Countdown to the Kentucky Derby - 121 days to go!

Countdown to the Kentucky Derby - 121 days to go!

121 Days!!!! 1898 Plaudit was a son of Himyar, who ran second to Day Star in the 1878 Kentucky Derby. Himyar also sired the great Domino. Plaudit was bred by Dr. J. D. Neet of Versailles, KY.

He was bought by trainer, Ed Brown, who owned and trained him throughout most of his 2YO year. He won four of his 12 races at 2, and after finishing fourth in the Futurity Stakes, was purchased by the well-known John E. Madden for $6500. John E. Madden, the owner of the famed Hamburg Place in Lexington, bred 5 winners of the Derby, although he didn’t own any of them when they won. Madden was a respected breeder, owner, and trainer, and is responsible for many improvements to the care and well-being of Thoroughbred race horses. He was the leading breeder of races won from 1918-1927, and of money earned in 1922, 23, and 25.

He bred 8 winners of more than $100, 000 (Zev, Princess Doreen, Grey Lag, Spinach, Boniface, Sir Barton, King James [a son of Plaudit], and Joy Smoke).  He was the first breeder of a Triple Crown winner in Sir Barton. Hamburg Place was just as well known for the Standardbreds that were raised there.

In September of his 2YO season, after being purchased by Madden and transferred to trainer Albert Simons, Plaudit was entered into a race open to older horses. He entered the race off of a 6th place finish in the Partridge Stakes for 2YOs. At underwhelming odds, Plaudit pulled off a shocking victory in the 1 1/16 contest over 1896 Kentucky Derby winner, Ben Brush, who would go on to earn Horse of the Year.

Plaudit was sent to Churchill Downs to be prepared for the Kentucky Derby. The Derby was the first start of his 3YO campaign. The day started off cloudy, and a light rain storm did little change to the track, other than damping down the dust.  Plaudit was the second favorite behind Lieber Karl, a Tennessee challenger, and the race came down between the two. Ridden by Ben Brush’s Derby jockey, Willie Simms, the duo got off to a slow start, while Lieber Karl took a strong hold of the bit and went to the front. They managed to set slow fractions for the race, and Lieber seemed to have the race to himself. Plaudit had stayed within striking distance, and when Simms called upon his mount, Plaudit surged forward and the two battled back and forth to the wire, with Plaudit grinding out a scant victory.The two other challengers were left some 20 lengths behind.  Plaudit fought as they tried to adorn him with of the collar made of red roses, with a few hearty kicks. Plaudit would again meet Lieber Karl in the Clark Handicap, and would again hand him a loss.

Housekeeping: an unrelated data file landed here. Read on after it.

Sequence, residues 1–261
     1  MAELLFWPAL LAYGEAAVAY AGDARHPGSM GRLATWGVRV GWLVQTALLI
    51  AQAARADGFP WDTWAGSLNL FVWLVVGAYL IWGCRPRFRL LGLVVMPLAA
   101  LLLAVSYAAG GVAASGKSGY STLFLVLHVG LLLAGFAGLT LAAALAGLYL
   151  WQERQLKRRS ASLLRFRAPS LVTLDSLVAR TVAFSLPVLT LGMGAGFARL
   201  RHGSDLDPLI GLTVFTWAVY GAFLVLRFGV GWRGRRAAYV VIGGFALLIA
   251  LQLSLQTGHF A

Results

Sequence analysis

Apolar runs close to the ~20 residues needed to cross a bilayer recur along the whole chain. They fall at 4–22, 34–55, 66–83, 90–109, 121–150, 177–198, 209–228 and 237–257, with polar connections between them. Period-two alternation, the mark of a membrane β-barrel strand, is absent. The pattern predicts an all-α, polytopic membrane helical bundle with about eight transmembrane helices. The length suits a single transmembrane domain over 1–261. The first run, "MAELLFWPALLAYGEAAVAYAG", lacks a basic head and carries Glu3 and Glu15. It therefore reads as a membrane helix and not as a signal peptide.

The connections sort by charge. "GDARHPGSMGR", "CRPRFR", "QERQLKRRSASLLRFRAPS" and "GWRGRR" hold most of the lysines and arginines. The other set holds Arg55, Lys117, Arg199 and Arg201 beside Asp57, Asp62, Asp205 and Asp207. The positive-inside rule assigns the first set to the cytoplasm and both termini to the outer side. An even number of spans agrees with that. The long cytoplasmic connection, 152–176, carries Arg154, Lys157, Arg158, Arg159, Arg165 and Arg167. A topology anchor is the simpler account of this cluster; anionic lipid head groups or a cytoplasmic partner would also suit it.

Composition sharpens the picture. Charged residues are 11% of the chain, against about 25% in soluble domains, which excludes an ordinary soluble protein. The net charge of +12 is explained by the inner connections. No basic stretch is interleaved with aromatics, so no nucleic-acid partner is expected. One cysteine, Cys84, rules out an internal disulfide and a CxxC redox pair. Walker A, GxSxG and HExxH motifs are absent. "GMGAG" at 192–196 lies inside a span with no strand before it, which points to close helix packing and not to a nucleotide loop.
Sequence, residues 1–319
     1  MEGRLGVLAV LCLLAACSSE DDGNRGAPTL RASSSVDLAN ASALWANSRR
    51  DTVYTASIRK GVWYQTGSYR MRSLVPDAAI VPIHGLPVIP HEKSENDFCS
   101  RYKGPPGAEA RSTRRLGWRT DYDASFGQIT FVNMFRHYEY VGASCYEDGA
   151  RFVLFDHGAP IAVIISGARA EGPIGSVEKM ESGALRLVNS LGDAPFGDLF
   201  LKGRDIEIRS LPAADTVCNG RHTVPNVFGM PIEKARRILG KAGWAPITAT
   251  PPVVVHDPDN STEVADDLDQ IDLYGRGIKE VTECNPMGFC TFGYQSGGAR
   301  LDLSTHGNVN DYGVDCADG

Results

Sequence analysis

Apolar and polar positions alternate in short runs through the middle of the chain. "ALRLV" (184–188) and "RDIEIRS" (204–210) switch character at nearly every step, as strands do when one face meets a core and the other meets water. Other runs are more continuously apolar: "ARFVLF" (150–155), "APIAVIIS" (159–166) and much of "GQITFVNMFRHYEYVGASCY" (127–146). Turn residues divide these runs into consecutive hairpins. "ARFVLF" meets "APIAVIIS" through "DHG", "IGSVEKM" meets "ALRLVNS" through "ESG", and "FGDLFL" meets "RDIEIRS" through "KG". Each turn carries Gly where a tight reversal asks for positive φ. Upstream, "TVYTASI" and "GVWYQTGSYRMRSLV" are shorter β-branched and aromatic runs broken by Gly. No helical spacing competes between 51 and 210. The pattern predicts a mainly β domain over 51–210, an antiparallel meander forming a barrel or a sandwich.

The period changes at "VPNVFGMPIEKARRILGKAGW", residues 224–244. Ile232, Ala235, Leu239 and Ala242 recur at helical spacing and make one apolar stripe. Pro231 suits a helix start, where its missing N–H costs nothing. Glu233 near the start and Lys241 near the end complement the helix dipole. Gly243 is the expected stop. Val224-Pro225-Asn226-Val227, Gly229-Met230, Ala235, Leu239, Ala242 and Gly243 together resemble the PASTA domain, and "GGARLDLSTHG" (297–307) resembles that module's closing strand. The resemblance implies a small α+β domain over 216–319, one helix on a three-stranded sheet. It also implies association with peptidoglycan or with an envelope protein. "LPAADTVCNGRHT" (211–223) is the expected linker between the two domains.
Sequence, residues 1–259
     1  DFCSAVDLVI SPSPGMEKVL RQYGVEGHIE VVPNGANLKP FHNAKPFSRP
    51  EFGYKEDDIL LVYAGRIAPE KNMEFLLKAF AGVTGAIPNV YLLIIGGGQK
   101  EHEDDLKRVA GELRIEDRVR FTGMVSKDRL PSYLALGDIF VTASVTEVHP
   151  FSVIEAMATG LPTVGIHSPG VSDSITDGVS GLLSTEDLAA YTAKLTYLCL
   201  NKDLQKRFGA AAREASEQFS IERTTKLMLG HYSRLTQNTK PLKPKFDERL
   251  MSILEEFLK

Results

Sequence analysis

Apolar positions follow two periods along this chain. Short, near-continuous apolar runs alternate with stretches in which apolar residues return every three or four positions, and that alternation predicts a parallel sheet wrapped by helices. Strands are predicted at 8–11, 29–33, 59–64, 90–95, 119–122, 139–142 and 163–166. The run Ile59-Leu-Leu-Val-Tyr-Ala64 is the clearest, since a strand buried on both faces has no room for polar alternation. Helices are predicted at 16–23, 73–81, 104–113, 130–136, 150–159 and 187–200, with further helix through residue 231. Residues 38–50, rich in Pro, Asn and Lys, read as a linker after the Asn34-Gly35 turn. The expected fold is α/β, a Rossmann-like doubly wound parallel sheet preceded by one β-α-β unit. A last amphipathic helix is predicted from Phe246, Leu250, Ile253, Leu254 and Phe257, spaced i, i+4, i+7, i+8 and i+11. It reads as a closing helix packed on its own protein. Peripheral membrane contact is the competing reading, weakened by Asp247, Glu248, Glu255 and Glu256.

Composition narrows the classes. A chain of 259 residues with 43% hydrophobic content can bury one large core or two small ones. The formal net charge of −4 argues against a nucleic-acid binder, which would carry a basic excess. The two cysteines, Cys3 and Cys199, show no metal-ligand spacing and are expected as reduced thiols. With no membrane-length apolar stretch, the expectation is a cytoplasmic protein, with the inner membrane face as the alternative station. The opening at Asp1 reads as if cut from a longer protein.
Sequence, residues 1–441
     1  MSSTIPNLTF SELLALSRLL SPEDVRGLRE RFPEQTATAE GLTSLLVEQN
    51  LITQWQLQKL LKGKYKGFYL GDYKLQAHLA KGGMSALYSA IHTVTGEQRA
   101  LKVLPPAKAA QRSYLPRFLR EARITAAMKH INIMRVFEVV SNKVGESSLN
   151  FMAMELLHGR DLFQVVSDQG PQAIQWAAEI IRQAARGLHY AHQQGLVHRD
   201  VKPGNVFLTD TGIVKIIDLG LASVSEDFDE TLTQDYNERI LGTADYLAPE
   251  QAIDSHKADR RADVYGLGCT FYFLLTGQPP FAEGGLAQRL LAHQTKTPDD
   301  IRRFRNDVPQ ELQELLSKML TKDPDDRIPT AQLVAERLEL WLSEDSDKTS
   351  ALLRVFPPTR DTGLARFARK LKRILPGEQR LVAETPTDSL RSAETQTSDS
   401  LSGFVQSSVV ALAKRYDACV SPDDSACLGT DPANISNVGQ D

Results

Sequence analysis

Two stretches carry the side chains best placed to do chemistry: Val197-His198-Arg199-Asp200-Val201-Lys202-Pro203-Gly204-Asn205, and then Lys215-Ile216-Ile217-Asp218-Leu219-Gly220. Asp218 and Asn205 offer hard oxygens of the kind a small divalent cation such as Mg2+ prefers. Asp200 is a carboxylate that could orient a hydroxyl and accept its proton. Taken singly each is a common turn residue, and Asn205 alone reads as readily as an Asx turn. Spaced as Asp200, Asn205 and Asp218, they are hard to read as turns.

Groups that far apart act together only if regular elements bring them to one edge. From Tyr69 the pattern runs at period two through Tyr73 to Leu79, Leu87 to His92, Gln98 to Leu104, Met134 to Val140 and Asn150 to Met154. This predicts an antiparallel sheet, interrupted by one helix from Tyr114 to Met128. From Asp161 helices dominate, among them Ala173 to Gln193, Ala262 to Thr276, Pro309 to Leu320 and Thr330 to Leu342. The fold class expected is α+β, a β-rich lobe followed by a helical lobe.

Madden sold Plaudit to William Collins Whitney for $25,000 before the Realization Stakes, but would purchase him back after his next race, when he was injured, for $12,000. He was retired to stud at Hamburg Place, with a record of eight wins and five seconds in 20 starts. At stud he would sire 22 stakes winners. Holy Bull’s male lineage traces back to Plaudit.

Plaudit’s greatest contribution was actually through his son, King Plaudit, who heavily influenced the Quarter Horse breed, through many successful show horses and race horses. He was inducted into the Quarter Horse Hall of Fame for his influence on the breed. Plaudit died in 1919, and was buried in the Hamburg Place cemetery.

From “The History of the Kentucky Derby, 1875-1921”: “When the winner trotted back to the stand, the heartiest ovation tendered a Derby winner in recent years was given him. The crowd surged through the gates and over the fence and it was necessary to call a policeman to keep the enthusiastic crowd from the horse's heels. A wreath of red roses was placed about the victor's neck, and as he was led before the stand the crowd — ladies and all — arose and cheered the hero to the echo.”

One of the favorite things that I’ve read about the Kentucky Derby was published in the Courier-Journal following Plaudit’s Derby triumph, concerning the way people in attendance were cheering for Plaudit’s win, even if they backed another horse. I think it perfectly fits for those of us who love horses and the sport of racing: “Simply because in this country where men know the horse they love him. And they love him because if he is bred on true lines he will do his duty. He will answer every call that one who has a right to ask will make on him. He will fight when fighting seems hopeless. He will race till his flanks are flat and his eyeballs strain to bursting. And when that will not win he will break his heart to do a little more.”

Rickelle  Nelson

Rickelle Nelson

Reservations Manager for the Kentucky Derby Museum